Josper, the market leader in indoor charcoal ovens, has updated its instruction sheets to reflect the latest safety advice in the wake of an HSE review of ‘solid fuel appliances’ in commercial settings.
Earlier this week, the HSE reiterated its stance on the need for the industry to ensure end-users are made fully aware of the risks associated with solid fuel appliances, specifically the potential exposure to carbon dioxide if not fitted or operated correctly.
HSE has held talks with various industry stakeholders over the last two months, including Josper, which is represented in the UK market by Jestic.
In correspondence with Catering Insight prior to the HSE’s comments this week, Jestic’s sales director, Steve Morris, said the company takes safety very seriously and has engaged fully with the HSE in assisting it to understand the operation of its ovens.
“The HSE’s original letter stated that they were investigating cases of carbon monoxide exposure in neighbouring properties to a kitchen,” he said. “This indicated clearly to us that, in this instance, the fault would appear to lie with leakage from extract ductwork.
“Any item of equipment that relies on air for combustion, such as gas cookers, fryers or combis, will create harmful fumes that are only dangerous if not dealt with efficiently. The difference with any Josper-style oven is that the charcoal continues to create fumes until it is burnt out.”
Morris said that the company had now updated its instruction sheets, which were already comprehensive.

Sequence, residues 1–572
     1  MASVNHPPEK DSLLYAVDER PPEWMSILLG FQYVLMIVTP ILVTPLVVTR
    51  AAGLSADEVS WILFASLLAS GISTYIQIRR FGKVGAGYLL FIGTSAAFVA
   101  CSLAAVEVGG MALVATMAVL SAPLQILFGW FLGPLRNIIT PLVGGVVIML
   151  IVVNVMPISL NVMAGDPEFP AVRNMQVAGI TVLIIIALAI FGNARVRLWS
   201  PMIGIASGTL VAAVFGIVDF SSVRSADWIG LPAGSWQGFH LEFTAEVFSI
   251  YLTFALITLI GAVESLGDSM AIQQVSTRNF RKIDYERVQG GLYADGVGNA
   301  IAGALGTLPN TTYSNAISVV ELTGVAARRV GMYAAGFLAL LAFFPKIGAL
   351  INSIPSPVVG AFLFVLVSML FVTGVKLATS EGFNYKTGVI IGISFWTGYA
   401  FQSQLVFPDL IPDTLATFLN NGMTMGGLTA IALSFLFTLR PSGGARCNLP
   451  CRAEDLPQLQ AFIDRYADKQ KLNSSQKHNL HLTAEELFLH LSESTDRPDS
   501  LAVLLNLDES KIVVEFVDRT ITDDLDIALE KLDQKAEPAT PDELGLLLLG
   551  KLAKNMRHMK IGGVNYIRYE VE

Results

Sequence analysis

Among its major recommendations are that dealers and users consult with it to establish the correct sizing of ventilation canopy for their Josper.
“We have a working partnership with the UK’s leading ventilation equipment manufacturer and we are continually researching best solutions for a wide range of applications,” said Morris.
Jestic advises that operators install a commercial CO alarm in the kitchen, noting that it is an inexpensive addition that can be linked to the operation of the extract fan to ensure complete safety.
If users are not able to leave an extract fan running on ‘minimum’ overnight, they are advised to leave it on for about three hours after service, or until the charcoal has burnt out. Turning the fan on for an hour before the next service will also ensure the environment is clear of CO.
The HSE said this week that those who “create the risk” must own and mitigate against it, but confirmed that it intends to make more generic guidance on the safe operation of solid fuel appliances available to the industry as soon as a full consultation with specialists on the technical aspects has been carried out.